Autonomous vehicles (completely self-driving, level 4) may reduce the number of vehicles a family needs, but may lead to an increase in total miles driven per vehicle, according to a new analysis by researchers at the University of Michigan Transportation Research Institute.
UMTRI researchers Brandon Schoettle and Michael Sivak examined the 2009 National Household Travel Survey (NHTS) data set, which contains detailed information about each trip made by a person within a selected household, including the exact start and stop times of each trip. They found a general lack of “trip overlap” between drivers within a majority of households based on vehicle sharing. In other words, families rarely use more than one vehicle at a time.
The study is based on sharing of completely self-driving vehicles that employ a “return-to-home” mode, acting as a form of shared family or household vehicle.
To illustrate the self-driving vehicle sharing concept, consider the following example. A household has two drivers, A and B. Driver A requires a vehicle for commuting to work by 8:00 a.m. and home again at 5:00 p.m. Driver B normally runs errands during the day while driver A is at work, returning home after each errand. The level 4 self-driving vehicle “return-to-home” mode would involve the vehicle performing the following basic actions:
- Drop driver A off at work by 8:00 a.m.
- Return home to driver B for an errand from 10:00 a.m. to 11:00 a.m.
- Take driver B on a second errand from 2:00 p.m. to 3:00 p.m.
- Return to work location of driver A by 5:00 p.m. for commute home.—Schoettle and Sivak
In the most extreme scenario, self-driving vehicles could cut average ownership rates of vehicles by 43%—from an average of 2.1 vehicles to 1.2 vehicles per household, the researchers say.
However, the shift could result in a 75% increase in individual vehicle usage—from 11,661 to 20,406 annual miles per vehicle (this increase in mileage does not include additional miles that would be generated during each return-to-home trip).
Schoettle and Sivak found that, on an average day, nearly 84% of households had no trips that overlapped or conflicted. Just under 15% of households had two drivers and less than 2% had three drivers with overlapping trips that created a conflict.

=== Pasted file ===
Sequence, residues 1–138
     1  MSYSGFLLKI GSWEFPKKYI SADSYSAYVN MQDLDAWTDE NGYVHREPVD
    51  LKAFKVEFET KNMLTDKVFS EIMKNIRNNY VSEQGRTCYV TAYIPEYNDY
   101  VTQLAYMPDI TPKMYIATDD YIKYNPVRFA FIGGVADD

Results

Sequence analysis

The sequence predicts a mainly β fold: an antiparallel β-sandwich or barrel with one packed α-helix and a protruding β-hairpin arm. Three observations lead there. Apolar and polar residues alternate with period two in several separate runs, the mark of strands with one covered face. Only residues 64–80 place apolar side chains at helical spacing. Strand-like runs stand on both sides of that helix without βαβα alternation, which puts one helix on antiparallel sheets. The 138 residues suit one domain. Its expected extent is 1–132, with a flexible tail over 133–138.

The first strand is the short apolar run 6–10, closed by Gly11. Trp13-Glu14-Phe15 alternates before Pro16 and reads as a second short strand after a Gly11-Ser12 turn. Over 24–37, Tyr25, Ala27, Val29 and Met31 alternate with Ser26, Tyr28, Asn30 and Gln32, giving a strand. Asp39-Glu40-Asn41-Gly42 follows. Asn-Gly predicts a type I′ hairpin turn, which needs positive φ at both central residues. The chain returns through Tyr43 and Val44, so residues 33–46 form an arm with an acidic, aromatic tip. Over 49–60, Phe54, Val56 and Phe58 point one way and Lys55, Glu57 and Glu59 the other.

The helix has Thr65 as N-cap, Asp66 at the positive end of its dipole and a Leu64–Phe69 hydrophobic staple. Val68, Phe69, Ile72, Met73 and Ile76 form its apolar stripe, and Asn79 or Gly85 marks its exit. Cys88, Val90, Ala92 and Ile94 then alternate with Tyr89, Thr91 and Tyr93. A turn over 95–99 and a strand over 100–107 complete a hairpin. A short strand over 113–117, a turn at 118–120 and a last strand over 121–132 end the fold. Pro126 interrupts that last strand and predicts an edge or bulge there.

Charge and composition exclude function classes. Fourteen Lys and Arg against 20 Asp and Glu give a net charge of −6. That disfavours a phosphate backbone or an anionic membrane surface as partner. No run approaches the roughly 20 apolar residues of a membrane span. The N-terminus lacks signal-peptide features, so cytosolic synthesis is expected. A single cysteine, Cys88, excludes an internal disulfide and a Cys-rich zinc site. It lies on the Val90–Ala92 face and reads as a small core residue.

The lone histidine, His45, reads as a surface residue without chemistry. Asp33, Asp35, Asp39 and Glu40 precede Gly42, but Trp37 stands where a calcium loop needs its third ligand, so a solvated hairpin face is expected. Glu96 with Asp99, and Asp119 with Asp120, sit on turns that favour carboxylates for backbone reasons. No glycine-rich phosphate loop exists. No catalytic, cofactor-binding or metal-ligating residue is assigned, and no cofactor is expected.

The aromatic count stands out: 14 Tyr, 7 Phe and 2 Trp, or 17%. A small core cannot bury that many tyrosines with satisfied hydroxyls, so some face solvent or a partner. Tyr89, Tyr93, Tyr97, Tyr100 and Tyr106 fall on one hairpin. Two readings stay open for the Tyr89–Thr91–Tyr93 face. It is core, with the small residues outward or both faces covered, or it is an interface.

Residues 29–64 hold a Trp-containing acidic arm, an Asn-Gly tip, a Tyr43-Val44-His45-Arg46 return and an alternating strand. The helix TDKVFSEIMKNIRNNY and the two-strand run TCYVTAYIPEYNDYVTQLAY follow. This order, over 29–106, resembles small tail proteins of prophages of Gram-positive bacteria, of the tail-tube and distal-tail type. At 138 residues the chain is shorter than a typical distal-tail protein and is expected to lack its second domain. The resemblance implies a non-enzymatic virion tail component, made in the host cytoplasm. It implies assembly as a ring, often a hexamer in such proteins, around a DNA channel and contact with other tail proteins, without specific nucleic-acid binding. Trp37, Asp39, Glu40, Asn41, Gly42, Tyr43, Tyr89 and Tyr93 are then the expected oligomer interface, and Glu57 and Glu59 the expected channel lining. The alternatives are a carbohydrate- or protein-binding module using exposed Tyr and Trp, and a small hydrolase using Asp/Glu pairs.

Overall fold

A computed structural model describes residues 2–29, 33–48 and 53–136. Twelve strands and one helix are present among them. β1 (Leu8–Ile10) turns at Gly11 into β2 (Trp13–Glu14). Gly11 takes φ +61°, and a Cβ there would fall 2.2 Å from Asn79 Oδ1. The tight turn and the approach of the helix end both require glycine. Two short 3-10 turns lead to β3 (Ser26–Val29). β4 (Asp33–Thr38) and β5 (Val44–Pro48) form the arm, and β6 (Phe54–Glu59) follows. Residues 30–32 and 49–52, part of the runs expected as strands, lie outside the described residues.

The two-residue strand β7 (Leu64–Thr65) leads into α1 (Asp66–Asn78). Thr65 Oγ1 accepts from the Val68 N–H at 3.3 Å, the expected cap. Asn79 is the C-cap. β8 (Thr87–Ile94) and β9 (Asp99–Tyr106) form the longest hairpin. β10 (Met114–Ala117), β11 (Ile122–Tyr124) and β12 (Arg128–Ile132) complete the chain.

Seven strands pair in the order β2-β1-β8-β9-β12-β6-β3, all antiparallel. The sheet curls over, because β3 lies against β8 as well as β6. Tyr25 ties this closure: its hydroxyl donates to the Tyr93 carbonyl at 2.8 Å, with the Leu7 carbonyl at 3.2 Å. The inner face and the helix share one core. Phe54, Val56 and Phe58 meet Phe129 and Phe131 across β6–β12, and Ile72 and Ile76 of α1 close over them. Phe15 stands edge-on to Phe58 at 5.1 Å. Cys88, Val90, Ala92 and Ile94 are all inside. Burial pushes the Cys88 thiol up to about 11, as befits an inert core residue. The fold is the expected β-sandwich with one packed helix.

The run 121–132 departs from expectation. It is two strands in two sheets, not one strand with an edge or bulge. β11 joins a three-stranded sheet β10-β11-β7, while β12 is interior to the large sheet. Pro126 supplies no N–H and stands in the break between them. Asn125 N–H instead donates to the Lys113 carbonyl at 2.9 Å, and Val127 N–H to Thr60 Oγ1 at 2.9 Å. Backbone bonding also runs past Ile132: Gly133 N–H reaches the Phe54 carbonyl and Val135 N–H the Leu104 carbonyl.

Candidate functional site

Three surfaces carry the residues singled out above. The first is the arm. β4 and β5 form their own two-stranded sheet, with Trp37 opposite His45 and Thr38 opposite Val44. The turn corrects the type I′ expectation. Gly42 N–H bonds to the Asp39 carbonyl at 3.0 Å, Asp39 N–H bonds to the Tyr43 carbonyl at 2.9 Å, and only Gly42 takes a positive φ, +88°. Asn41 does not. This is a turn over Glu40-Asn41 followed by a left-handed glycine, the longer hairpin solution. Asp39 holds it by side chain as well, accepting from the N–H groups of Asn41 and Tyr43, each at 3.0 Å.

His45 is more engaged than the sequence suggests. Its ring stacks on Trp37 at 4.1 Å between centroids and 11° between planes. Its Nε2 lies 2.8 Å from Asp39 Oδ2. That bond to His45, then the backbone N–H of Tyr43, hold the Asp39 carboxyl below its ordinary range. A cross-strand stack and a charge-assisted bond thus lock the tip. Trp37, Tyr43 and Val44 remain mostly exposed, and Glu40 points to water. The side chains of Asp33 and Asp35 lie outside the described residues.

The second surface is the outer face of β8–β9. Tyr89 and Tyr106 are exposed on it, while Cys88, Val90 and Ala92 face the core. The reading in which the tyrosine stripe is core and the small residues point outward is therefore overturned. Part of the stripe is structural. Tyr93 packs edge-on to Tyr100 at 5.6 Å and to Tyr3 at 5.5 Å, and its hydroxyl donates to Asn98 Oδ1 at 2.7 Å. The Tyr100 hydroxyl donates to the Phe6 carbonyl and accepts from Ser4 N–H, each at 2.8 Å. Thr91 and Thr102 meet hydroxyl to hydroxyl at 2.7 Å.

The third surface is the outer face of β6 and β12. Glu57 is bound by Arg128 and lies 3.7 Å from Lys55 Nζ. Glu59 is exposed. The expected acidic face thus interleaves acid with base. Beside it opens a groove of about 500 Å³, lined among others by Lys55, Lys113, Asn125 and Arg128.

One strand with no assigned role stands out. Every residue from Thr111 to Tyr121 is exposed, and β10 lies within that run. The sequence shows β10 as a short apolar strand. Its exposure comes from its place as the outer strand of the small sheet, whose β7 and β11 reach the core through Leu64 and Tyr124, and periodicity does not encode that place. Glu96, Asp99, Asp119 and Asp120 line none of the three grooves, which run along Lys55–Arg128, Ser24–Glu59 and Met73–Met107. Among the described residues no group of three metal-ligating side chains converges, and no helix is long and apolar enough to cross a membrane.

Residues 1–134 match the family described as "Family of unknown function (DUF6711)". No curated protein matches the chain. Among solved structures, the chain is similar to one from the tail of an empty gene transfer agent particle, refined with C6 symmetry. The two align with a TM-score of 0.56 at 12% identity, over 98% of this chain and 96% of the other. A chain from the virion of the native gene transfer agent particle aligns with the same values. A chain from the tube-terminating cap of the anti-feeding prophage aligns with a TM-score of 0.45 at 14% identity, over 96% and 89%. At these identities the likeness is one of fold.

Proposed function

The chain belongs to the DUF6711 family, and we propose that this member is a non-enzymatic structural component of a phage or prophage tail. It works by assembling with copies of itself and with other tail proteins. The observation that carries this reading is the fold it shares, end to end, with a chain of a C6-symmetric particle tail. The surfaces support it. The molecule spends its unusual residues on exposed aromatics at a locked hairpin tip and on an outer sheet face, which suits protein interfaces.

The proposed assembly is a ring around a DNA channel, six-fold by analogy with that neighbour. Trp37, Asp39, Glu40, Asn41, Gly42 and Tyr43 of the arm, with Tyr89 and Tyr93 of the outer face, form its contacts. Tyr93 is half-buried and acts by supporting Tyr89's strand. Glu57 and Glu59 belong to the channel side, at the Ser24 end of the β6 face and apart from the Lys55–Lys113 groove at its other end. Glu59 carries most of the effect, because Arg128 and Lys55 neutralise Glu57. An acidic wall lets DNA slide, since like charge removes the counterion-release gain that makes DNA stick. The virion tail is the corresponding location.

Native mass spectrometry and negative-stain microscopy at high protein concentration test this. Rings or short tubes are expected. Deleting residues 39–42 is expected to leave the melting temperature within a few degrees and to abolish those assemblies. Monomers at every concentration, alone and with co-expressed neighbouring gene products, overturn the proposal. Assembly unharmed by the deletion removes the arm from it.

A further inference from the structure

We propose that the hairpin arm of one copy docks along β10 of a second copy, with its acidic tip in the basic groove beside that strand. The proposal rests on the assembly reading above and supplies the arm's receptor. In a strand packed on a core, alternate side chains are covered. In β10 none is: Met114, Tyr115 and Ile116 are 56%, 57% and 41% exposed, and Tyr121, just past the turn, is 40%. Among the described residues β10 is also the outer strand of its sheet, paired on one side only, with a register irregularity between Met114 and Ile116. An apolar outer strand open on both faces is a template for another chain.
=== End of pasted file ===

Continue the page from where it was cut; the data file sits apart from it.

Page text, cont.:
The researchers say their results represent strictly an upper-bound approximation of the maximum possible effects of self-driving vehicles on reductions in household vehicle ownership, given several unknowns: sufficient gaps between trips, acceptance and adoption of autonomous vehicles and possible vehicle-sharing strategies within households.
In the hypothetical scenario outlined in this analysis, the potential reduction in vehicle ownership per household would include a correspondingly large increase in vehicle usage, consequently increasing wear-and-tear and required maintenance frequency, while reducing the average vehicle life span (in total years on the road). Given the current average on-road vehicle age of 11.4 years and the assumption that the underlying scrappage rate are largely functions of overall wear-and- tear and total mileage, then a 75% increase in annual mileage per vehicle could reduce this average on-road age to approximately 6.5 years.
… One possible silver lining to decreased vehicle life span (in years) involves the more rapid introduction of new technology into the on-road fleet, and the consequent benefits for road safety. In the hypothetical scenario we describe in this analysis, with an average turnover rate that is 75% faster for these vehicles, the rate at which new self- driving technology would be replaced or updated in the on-road fleet would nearly double (versus current average vehicle age and annual usage rates).Schoettle and Sivak